These days, everything has gone electronic: banking, shopping, and even important documents are being transmitted through the internet. A recent study, however, of e-prescriptions (medical prescriptions sent electronically) shows that technology may not be the answer for preventing pharmaceutical errors in Florida.
Medical News Today reported on a study from the Journal of American Medical Information Association , in which Karen Nanji, M.D. evaluated over 3,800 e-prescriptions from pharmacy chains in Florida, Arizona and Massachusetts. The study found that the 11.7 percent of the prescriptions had mistakes, which researchers note is no better than the rate of error in handwritten prescriptions. The numbers show that a majority of the errors – 60.7 percent – were omissions of frequency, dosage and duration. Notably, there were about 190,000 physicians last year who were e-prescribing.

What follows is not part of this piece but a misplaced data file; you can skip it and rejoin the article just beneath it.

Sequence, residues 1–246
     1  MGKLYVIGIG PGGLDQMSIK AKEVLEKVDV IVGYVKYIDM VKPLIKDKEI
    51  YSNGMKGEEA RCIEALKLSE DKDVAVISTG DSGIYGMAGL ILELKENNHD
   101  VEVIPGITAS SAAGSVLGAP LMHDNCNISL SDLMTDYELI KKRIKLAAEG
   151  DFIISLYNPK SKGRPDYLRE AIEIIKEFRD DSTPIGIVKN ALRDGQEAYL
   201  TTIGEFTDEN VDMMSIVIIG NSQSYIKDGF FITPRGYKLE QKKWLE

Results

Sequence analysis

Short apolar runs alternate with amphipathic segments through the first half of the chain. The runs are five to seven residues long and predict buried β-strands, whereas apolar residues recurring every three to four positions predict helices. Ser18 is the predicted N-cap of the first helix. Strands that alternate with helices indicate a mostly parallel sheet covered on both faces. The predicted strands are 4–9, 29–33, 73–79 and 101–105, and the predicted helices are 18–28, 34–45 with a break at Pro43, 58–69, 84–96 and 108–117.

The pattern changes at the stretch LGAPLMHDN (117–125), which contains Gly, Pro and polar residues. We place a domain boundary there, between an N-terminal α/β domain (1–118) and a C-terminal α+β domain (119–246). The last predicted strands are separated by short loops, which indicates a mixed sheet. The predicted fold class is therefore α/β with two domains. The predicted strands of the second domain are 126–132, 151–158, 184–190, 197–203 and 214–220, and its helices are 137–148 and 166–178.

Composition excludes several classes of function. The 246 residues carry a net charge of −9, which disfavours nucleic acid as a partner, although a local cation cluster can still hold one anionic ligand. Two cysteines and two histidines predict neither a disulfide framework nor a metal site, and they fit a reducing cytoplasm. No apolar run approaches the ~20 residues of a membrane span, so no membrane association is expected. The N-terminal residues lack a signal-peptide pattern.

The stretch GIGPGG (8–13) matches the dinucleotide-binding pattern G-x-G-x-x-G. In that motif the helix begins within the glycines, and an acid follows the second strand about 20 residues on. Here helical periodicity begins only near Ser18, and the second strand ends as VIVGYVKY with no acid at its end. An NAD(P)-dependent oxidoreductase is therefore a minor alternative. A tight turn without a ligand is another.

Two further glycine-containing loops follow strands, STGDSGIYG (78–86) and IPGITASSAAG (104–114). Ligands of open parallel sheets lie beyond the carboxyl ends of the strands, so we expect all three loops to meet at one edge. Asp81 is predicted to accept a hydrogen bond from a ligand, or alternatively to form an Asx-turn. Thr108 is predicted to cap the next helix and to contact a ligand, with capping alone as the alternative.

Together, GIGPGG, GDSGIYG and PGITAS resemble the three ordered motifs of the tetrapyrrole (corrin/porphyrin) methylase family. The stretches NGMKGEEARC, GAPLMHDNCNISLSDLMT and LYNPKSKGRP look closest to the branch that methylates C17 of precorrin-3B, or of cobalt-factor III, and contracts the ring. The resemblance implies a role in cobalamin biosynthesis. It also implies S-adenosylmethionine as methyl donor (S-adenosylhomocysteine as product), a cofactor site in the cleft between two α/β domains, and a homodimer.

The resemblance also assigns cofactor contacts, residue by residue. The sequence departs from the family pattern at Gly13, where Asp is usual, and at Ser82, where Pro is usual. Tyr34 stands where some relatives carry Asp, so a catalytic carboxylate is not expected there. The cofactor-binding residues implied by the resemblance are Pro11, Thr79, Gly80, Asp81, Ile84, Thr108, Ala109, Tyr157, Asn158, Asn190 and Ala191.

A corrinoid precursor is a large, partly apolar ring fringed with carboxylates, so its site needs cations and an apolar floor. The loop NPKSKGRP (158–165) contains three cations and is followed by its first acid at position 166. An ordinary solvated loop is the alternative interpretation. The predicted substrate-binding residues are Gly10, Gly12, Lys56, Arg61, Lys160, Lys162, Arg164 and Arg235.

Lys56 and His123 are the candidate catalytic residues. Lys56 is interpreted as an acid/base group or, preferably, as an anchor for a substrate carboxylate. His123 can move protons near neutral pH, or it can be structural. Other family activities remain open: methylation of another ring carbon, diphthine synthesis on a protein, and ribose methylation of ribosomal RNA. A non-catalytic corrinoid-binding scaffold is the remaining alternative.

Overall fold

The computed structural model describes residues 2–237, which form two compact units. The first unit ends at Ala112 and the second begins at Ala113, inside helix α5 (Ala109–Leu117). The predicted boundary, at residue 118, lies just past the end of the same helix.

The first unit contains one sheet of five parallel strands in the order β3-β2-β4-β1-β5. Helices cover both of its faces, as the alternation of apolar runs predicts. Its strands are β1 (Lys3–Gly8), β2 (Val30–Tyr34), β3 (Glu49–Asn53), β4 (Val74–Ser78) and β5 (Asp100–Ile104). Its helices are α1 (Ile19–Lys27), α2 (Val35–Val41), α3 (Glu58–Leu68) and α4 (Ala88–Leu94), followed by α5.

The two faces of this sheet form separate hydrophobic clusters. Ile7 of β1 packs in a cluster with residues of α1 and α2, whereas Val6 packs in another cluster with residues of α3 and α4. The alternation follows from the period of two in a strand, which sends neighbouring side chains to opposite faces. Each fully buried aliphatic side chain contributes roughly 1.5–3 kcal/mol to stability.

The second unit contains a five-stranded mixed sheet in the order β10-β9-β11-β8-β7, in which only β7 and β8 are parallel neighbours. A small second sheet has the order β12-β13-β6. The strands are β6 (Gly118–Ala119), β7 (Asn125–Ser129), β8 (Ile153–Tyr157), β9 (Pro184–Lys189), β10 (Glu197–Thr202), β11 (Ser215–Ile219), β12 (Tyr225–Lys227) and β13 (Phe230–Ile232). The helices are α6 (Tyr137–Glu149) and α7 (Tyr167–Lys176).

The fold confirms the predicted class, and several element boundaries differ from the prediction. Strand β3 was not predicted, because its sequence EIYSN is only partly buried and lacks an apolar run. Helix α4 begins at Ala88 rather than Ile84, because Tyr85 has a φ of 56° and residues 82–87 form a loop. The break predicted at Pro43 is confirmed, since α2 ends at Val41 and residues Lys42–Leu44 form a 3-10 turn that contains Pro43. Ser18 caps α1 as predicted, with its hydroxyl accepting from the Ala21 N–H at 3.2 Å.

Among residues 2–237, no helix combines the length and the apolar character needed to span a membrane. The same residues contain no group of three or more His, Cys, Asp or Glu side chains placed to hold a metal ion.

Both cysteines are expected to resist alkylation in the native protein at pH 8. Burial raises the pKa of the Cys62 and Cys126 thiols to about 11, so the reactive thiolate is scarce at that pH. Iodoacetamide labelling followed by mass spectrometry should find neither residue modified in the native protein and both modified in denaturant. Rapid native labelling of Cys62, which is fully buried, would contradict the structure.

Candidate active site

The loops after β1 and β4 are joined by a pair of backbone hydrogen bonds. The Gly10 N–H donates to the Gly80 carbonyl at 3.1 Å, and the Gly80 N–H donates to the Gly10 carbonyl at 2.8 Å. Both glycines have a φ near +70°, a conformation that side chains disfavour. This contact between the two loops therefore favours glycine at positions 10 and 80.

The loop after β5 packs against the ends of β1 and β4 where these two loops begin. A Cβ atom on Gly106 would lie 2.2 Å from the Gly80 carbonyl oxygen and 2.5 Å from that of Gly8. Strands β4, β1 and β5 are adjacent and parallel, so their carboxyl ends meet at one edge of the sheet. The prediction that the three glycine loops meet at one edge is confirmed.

The results of this study are quite disappointing, considering that doctors have received Medicare bonuses for e-prescribing and that e-prescribing was supposed to save money and prevent pharmaceutical errors. Technology alone cannot ensure the health and safety of our loved ones. Other measures need to be taken to prevent these errors.
Pharmaceutical errors can lead to dangerous, even fatal, results. If you or someone you know has been injured due to a prescription error, consult with an attorney.